A Mate is a high-ranking commissioned officer on board a ship, typically a merchant ship.
Name of the rankEdit
A first (second, third etc.) mate may also be referred to as a first (second…) lieutenant or a first officer. Historically, the appellation “First lieutenant” was used by the Royal Navy, while the appellation “First mate” was preferred by merchant ships (including ships owned by the East India Company). The appellation “First Officer” seems to have been more common in the US. Today, first mate (or chief mate) and first lieutenant tend to be separate ranks.
The word mate may also refer to the assistant of a specialised warrant officer, see Mate (Petty Officer).
Position within the hierarchyEdit
As the alternative name suggests, mates commonly held the rank of lieutenant. A ship would be assigned a number of lieutenants based on her size and these would be rated first, second, third etc. A first-rate ship (i.e. the largest type) would have six lieutenants, a small merchant ship may have only one or even none.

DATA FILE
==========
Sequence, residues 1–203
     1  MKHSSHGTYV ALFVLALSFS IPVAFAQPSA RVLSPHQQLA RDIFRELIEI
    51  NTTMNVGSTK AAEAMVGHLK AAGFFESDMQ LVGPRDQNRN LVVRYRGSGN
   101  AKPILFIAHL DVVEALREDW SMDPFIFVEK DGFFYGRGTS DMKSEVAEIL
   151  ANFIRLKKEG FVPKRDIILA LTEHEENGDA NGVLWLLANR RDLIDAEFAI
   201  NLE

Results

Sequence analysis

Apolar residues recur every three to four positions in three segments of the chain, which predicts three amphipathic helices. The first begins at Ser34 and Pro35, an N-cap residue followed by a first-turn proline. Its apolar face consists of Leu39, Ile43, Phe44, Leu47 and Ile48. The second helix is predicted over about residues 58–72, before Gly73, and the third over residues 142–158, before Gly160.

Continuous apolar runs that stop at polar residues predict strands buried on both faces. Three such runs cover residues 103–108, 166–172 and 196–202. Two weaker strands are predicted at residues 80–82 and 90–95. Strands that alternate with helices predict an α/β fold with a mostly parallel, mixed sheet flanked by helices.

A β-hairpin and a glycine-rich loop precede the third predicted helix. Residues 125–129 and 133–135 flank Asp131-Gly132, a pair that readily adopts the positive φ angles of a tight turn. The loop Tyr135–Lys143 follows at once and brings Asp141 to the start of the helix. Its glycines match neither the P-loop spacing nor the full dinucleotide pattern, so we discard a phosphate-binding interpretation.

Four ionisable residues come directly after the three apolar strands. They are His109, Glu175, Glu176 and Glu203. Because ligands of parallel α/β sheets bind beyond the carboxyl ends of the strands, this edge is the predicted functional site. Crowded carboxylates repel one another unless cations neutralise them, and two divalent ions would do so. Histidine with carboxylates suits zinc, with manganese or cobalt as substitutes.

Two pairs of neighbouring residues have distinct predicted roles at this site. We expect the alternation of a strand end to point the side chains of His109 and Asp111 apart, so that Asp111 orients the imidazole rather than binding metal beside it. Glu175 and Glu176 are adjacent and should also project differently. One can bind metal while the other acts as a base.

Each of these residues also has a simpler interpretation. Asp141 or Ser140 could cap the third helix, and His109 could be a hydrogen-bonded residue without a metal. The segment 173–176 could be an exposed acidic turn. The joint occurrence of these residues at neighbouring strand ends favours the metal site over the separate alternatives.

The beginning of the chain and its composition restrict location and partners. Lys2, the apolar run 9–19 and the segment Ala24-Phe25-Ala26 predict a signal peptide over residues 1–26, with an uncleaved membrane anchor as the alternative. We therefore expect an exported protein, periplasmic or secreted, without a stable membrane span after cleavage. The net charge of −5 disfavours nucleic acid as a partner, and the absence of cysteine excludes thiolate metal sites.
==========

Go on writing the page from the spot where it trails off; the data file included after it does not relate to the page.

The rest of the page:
Most mates started out as midshipmen at a young age and would advance to lieutenant after passing the examination for lieutenant. Field promotions of midshipmen were possible.
A first mate would be the Captain’s second in command and would automatically be considered Acting Captain in the case of the Captain’s death. As such, the mates were the highest ranking officers after the Captain .
As having served as a mate was a prerequisite for becoming a captain, the mates would usually take take on similar tasks. Mates would lead watches, order manoeuvres, chart courses etc. They would be expected to command the ship during their watch without conferring with the captain about every decision. As such, a mate was already expected to know about navigation and seamanship. A mate would not be expected to actually take part in any of the manual labour on board a ship, but would be expected to know how to it was done.
Aboard the Obra DinnEdit
The Obra Dinn had four mates during her last voyage, an unusually large amount for a ship her size, which would commonly have had only one mate. They were:
- William Hoscut, first mate
- Edward Nichols, second mate
- Martin Perrott, third mate
- John Davies, fourth mate
All four perished during the Obra Dinn’s last voyage.